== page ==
- universal suffrage (for the rich) becomes universal suffrage (for men) becomes universal suffrage
- non-discrimination on grounds of race extends to gender extends to sexual orientation extends to … much else of great importance
- self-determination for our own people leads to self determination for our colonies
- the courts are open to all (as long as they can pay) becomes the courts are open to all (with state support if necessary)
- abortion as a right when life is at risk becomes in such circumstances a legal right to an abortion
Is Hypocrisy Always A Sign Of Imminent Progress Then?
It all depends on the route the law and practice is taking. If the momentum is towards closing the gap between talk and practice, then there is bound to be evidence of double standards along the way as the new forms of law gradually kick in.
These are the kinds of double standards we should relish as signs of progress.
General Pinochet was in a unique position when we was dramatically arrested in Britain with a view to his extradition to Spain to stand trail for crimes committed during his time as Head of State in Chile. The case became one of the most famous of the 1990s, and we can fairly say that the law generated by these proceedings kick-started a whole new field of law, and caused many state killers to think twice about visiting London.
Of course Pinochet was not the only one. Of course, other mass murderers were out and about at the same time. (Henry Kissinger was mentioned a lot at the time and still is.)
- But Pinochet was there
- He was available
- It was do-able, sort of (and very nearly got done)
Double standards on the road to progress. Without Pinochet we wouldn’t have had the Livni case earlier this year – when the former Israeli foreign minister Tzipi Livni came close to arrest in London for her part in the attacks by Israel on Gaza.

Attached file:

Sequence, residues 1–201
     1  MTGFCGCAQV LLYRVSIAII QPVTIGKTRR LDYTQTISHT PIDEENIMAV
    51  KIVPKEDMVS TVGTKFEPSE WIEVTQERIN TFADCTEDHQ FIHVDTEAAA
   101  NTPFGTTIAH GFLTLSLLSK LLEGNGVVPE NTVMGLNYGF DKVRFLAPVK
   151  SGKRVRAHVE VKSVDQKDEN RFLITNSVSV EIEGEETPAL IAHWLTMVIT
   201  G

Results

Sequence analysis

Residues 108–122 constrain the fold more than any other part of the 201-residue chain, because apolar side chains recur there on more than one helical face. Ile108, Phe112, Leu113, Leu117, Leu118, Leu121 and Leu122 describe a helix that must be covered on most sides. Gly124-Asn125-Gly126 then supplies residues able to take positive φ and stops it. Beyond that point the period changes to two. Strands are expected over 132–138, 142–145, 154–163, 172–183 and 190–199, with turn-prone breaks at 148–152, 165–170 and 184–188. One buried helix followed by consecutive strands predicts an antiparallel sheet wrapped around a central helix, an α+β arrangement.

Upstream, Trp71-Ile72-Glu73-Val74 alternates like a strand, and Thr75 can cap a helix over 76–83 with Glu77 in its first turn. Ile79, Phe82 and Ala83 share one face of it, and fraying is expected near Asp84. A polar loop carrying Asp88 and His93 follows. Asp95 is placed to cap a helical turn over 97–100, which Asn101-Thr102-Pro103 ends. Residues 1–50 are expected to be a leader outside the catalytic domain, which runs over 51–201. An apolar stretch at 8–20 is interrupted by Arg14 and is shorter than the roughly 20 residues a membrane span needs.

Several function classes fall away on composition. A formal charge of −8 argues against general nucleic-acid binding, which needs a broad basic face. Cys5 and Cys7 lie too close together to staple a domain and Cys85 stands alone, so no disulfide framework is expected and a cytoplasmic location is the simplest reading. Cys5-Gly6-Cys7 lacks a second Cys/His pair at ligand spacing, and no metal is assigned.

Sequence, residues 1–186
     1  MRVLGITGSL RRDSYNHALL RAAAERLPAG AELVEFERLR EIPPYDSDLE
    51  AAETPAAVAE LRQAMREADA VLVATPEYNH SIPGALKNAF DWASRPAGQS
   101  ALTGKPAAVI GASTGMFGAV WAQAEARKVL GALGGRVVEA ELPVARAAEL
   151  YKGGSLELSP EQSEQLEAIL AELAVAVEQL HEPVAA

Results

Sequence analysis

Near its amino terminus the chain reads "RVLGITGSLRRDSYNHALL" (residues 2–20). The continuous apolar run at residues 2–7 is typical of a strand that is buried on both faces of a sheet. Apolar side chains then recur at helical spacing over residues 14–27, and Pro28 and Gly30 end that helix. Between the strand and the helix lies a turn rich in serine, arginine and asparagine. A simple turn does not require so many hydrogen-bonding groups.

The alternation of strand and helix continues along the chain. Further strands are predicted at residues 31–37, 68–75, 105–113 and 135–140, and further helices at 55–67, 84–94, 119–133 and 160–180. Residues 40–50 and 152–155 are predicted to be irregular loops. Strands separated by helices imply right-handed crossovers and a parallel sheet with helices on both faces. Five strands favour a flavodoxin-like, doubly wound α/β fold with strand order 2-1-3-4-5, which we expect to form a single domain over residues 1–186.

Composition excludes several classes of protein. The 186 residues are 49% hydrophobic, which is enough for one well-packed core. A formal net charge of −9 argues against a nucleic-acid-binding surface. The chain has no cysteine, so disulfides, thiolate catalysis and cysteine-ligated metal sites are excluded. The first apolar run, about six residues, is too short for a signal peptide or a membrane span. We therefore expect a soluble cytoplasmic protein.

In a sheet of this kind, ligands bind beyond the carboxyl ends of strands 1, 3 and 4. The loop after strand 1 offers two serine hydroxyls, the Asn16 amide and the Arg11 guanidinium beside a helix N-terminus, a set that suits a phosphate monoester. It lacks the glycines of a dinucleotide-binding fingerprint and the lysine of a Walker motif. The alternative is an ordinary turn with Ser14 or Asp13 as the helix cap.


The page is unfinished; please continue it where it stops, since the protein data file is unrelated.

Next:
Much the same can be said of the International Criminal Court today. Of course as things stand most of those indicted are from African countries, and these include – astonishingly – one serving head of state President al-Bashir on charges that include genocide.
Does this mean that the system is unfair? That it goes after Africans only? That it is colonialism by another name?
Well up to a point yes. But these are the cases the system has thrown up, as the ICC’s feisty prosecutor Luis Moreno-Ocampo explained at a talk he gave at LSE’s centre for the study of human rights in 2008.
‘This is the start, not the end’ is a summary of what he said on that occasion.
Impunity cannot be tackled overnight. And as some get charged and some do not of course there will be injustice that will not just be apparent, it will be real.
Real – but short term. That is the key.
Is there a journey here, a move to close down the double standards that a tentative search for justice has thrown up?
If so hypocrisy is the price we (temporarily) pay for embarking on this journey to justice.
Duplicity Is Bad When It Is Durable
But if the hypocrisy we have uncovered is designed to be permanent, a way of throwing us of our guard, we should have nothing to do with it.
An example that comes to mind is Burma’s constitutional guarantees of freedom Or President Alexander Lukashenko of Belarus imminent fourth election ‘victory’. Or Robert Mugabe of Zimbabwe. Sadly there are many such examples of ‘bad faith hypocrisy’.
What about the decision by China to amend its constitution to include human rights guarantees in 2004: double standards on the road to justice, or simply a Burma-style diversion? A bit of both I’d say – I looked at the whole issue of Asia and human rights, including China, in common track five).
And Is Ending Duplicity Always Such A Good Thing?
Closer to home, how do we feel about the Coalition Government’s decision to scrap various health targets including ambulance response times? Or the dumping of the annual Foreign Office human rights report in favour of a vaguer system of assessment and the use of a new advisory group?
A sensible move to end a system which caused so much anger for targets missed and spurious claims to ethical supremacy too often honoured only in their breach, perhaps?
But how will we like not having these targets and authoritative reports with which to be able to attack the government for its duplicity?
Are these decisions really about focusing on the quality of care (the Health Secretary on the removal of the ambulance target) or doing human rights more effectively than Labour (the Foreign Secretary on his new system). Or are they a way of ensuring that the double standards point is now harder to make?
Perhaps it is time for a new campaigning slogan:
Bring back overt hypocrisy! Conor Gearty
Two Final Thoughts
Double standards are okay as long as they are the consequence of well motivated but incomplete action, showing a desire to change without the capacity (yet) to change entirely. Conor Gearty
Human rights activists need to work the space left available to them by such double standards, to first mind the gap they have left open, and then to close it. Conor Gearty